Battle of the Bands


Maya Rubin

By reviving a nostalgic classic rock sound, Greta Van Fleet is one of the most popular bands today. But is their sound too similar to their precursors to be considered original?


Led Zeppelin is one of the best, if not the best rock band of all time. Everyone seems to have a memory connected to their music, whether it be hearing the iconic battle cry of “Immigrant Song,” the head-bobbing chorus of “Whole Lotta Love” or the heart-wrenching opening of “Stairway to Heaven,” (the eternal scourge of guitar stores). 

Each member of the band provides a distinct talent that shapes Led Zeppelin’s music. Jimmy Page’s wailing guitar solos and riffs are parasitic earworms, John Paul Jones’ spanning bass runs hypnotize the listener. As a drummer myself, I will never forget the first time I heard John Bonham’s rolling triplets on “Good Times Bad Times.” Perhaps the most noticeable part of the Led Zeppelin sound is Robert Plant’s sickly-sweet, crying vocals. All of these musicians come together to form one of the most talented and iconic bands ever. 

But now that the band has been broken up for more than 40 years, it begs the question: will there ever be another band that captures the same energy as Led Zeppelin?

Enter Greta Van Fleet.

Greta Van Fleet, a Michigan-based hard and blues rock band, released their debut EP “From the Fires” in April 2017. The album was a hit, reviving a nostalgic hard-rock niche missed far too long. But some critics felt the album was a little too nostalgic of Led Zeppelin, entering “copycat” territory. While Greta Van Fleet is no Led Zeppelin cover band, they definitely wear their inspirations on their sleeves.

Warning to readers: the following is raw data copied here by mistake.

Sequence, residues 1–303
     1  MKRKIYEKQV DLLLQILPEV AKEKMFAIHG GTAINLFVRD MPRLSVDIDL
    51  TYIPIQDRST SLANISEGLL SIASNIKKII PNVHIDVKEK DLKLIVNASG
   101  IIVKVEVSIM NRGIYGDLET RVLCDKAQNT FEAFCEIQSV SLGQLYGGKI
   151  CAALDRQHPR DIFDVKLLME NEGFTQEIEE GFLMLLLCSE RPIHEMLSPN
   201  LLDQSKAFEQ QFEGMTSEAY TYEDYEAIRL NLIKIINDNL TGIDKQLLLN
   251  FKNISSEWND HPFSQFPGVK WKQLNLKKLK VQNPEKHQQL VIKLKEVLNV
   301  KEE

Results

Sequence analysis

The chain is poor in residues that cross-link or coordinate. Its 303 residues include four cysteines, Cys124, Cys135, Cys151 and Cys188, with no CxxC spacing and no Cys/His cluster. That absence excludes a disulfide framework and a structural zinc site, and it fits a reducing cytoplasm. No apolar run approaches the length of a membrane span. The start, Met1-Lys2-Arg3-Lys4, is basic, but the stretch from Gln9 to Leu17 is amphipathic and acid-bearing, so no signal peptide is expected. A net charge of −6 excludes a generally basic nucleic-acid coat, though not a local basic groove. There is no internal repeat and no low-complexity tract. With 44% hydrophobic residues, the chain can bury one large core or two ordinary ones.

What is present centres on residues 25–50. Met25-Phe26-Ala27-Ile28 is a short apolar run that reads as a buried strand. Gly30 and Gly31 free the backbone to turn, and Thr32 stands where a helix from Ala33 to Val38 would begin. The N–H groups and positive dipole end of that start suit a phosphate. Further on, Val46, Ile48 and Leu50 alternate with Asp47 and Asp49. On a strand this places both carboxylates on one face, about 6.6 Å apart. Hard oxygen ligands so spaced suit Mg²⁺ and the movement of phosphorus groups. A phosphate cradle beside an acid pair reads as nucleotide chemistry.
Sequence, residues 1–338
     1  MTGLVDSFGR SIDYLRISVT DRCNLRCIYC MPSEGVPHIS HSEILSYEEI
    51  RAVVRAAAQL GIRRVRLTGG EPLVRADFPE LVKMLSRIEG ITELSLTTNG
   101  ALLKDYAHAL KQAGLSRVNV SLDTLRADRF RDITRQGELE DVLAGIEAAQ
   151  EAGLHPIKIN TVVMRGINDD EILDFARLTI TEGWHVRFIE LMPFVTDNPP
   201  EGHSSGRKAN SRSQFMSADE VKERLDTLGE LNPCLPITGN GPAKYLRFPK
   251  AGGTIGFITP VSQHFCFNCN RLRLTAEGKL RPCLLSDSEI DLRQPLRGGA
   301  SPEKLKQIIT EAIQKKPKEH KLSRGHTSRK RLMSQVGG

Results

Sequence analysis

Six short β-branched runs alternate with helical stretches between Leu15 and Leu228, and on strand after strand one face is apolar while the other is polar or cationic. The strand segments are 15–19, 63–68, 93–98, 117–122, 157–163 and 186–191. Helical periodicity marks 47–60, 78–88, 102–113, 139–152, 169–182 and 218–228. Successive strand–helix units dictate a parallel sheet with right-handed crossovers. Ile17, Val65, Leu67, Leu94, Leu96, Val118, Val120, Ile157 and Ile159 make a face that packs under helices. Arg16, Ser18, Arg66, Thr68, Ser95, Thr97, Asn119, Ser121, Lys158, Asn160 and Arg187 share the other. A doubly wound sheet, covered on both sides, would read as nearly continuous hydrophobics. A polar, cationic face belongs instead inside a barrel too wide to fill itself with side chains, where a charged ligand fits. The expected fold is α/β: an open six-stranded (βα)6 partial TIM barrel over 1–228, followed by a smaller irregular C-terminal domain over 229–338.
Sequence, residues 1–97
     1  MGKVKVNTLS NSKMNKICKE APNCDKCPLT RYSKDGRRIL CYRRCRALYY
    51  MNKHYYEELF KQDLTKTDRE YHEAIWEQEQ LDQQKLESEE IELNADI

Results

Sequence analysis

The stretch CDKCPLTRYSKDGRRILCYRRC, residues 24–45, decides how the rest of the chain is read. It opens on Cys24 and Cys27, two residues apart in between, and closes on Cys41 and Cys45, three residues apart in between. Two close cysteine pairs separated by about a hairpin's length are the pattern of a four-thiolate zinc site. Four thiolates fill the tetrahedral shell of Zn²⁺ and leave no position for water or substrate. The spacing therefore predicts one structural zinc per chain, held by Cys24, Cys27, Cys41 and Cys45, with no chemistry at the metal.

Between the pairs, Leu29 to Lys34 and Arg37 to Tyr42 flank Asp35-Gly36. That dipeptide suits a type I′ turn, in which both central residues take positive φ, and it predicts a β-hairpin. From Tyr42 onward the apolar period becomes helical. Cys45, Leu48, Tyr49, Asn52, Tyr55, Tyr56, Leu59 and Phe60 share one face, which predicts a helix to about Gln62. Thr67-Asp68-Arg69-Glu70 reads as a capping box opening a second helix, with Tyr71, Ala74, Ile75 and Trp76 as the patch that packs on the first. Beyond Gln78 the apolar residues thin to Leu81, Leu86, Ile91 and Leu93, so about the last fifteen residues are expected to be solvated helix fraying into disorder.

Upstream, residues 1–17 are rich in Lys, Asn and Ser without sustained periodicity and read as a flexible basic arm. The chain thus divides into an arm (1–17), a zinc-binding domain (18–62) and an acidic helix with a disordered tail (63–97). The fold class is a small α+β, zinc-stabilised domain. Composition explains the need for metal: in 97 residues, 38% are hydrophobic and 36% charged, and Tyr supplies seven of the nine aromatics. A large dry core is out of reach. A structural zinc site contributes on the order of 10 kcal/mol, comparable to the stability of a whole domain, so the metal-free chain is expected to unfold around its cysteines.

Most of Greta Van Fleet’s comparison to Led Zeppelin stems from singer Josh Kiszka, whose voice is nearly identical to Plant’s. In all honesty, I often get the work of Led Zeppelin and Greta Van Fleet mixed up because of the vocals. No matter how many times I listen to “Safari Song,” I always think I’m listening to the former. That being said, Kiszka didn’t necessarily choose to sound like Plant. You can play the drums just like John Bonham or the guitar just like Jimmy Page, but if your voice sounds like another singer, the best you can do is change ranges. And Kiszka does this on the band’s most recent album, “The Battle at Garden’s Gate,” where he sings in a higher register. Ironically, this sparked more comparisons to Canadian rock trio Rush’s Geddy Lee as opposed to Plant. Unlike Lee, singing in falsetto strains Kiszka’s voice, causing more obnoxious screaming to occur than Plant-like cries. As senior and avid Led Zeppelin fan Vinnie Young told me,

I think it’s a little bit of a coincidence that the singers sound really alike, but I don’t have a problem with that. Who wouldn’t want to hear more of that voice?”

— Vinnie Young